A Day At The Fair, 200 Years Ago

A Day At The Fair, 200 Years Ago

A day the entire family can enjoy living history.

It was not just a place to purchase the latest household necessities or to be entertained by traveling musicians, actors, and sideshow style performers. It was the place to learn of current events, enjoy good gossip, exchange ideas and discuss the mood of the country. It was the 18th Century Craft Fair.

Each year, as the first breezes of autumn begin to caress the trees and drift along the shoreline of the Potomac River, that 200-year-old phenomena comes to life at Mount Vernon Estate. Saturday and Sunday, Sept. 15 and 16, from 9 a.m. to 5 p.m. each day, it will make its 12th annual appearance with entertainment for the entire family.

The fair recreates a lively early-American marketplace. More than 50 juried artisans from throughout the nation will demonstrate their trades and sell their wares while two stages of entertainment delight audiences with 18th century amusements.

Mount Vernon's 18th Century Craft Fair has been hailed as the most authentic and diverse event of its kind, bringing together distinguished artisans working in colonial attire plus a dozen entertainers who perform the amusements loved by colonial Americans. As visitors shop, artisans demonstrate their crafts and explain their methods used to create items similar to those purchased by Washington, many of which are found in his restored plantation mansion.

AS DESCRIBED BY participating artisan Stuart Helble, who specializes in handcrafted pewter, "This is one of the very special events that we attend. To be at this site where our craft was well used on an everyday basis is the epitome of our trade."

During the 18th century there were approximately 1,100 pewter artisans spread throughout the colonies. Now there are only 50 to 60 pewtersmiths in the nation, according to Helble.

Today's pewter dinnerware can be used as serving pieces because it contains no lead. However, even in colonial times, pewter contained only one- percent lead; that was a rule of the pewtersmith guild, according to Helble.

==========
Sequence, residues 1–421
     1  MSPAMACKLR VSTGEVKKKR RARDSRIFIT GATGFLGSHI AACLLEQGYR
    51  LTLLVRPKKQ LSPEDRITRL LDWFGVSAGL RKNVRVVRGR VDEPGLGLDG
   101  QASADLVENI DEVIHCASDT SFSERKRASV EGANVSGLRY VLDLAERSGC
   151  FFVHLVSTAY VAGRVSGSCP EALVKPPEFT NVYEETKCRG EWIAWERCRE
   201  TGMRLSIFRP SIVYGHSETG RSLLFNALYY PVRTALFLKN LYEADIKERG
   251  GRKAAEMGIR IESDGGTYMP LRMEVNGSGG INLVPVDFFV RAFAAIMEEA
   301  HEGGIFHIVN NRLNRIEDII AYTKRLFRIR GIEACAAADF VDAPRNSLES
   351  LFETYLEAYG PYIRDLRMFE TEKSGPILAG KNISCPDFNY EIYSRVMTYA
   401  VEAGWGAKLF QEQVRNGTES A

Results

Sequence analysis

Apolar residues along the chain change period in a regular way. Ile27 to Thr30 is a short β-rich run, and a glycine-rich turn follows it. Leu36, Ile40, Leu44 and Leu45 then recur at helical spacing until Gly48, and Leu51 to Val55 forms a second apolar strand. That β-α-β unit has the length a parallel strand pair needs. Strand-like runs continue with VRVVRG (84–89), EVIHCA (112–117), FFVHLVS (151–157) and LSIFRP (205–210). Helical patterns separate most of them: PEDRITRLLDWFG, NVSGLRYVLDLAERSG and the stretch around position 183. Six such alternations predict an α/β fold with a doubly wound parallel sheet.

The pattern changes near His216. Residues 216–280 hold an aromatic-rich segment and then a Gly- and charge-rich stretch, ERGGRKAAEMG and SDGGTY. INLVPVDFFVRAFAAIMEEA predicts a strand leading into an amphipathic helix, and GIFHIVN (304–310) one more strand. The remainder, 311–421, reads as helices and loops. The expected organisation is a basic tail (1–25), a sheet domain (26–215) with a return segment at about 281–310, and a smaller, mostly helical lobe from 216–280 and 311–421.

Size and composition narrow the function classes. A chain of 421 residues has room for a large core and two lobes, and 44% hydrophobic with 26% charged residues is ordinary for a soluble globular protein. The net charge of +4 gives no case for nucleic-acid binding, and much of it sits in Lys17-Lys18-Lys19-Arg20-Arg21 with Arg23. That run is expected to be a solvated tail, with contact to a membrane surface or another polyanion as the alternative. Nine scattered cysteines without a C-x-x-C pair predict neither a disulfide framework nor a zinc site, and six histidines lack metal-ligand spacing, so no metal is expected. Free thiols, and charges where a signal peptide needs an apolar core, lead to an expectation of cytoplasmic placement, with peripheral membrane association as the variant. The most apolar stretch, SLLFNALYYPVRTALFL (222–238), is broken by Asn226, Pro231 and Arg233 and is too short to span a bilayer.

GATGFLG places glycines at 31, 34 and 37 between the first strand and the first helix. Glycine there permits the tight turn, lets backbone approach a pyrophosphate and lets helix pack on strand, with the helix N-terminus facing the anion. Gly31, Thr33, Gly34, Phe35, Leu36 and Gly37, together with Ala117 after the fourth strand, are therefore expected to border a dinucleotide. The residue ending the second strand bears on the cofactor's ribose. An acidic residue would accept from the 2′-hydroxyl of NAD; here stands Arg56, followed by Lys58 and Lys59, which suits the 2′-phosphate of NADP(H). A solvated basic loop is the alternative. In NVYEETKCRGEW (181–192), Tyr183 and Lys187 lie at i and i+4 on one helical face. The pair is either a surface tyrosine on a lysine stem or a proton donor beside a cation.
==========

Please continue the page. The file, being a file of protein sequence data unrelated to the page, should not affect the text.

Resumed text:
Throughout the fair grounds there are artisans creating a wide range of items from furniture to candles, cookware, clothing, and art. The latter can be found in a variety mediums and styles. Attendees can also enjoy direct interaction with the artisans.

George and Martha Washington will preside over a host of amusements including: The James Rose Puppets; Mr. Bayly, Conjuring and Entertainments; Signora Bella, Equilibrist; Otto the Sword Swallower; Ship's Company Chanteymen; and much more. Visitors are invited to participate in swordplay, drum lessons, open hearth cooking, and many other 18th century activities. Free guided walking tours and Potomac River sightseeing cruises will be available while tickets are available.

What would a day at the fair be without some authentic 18th century fare? Offerings range from turkey legs to ice cream to pretzels provided by the Mount Vernon Inn Restaurant concession stands.

Early American marketplaces were common in George Washington's time. They ranged in duration from a few days to several weeks. The earliest know fair in the Mount Vernon area occurred in 1752 in a place that is now called Alexandria.

Admission to the fair is included with regular admission to the Estate: Adults $13; Children 6 to 11, $6; and children five and under free.

This year's attendees have the extra treat of also visiting Mount Vernon's new museum/education center, which traces the life of Washington from his youth as a surveyor to his untimely death in 1799. This new $110 million museum/education center incorporates three comprehensive films plus a series smaller vignettes and interactive exhibits.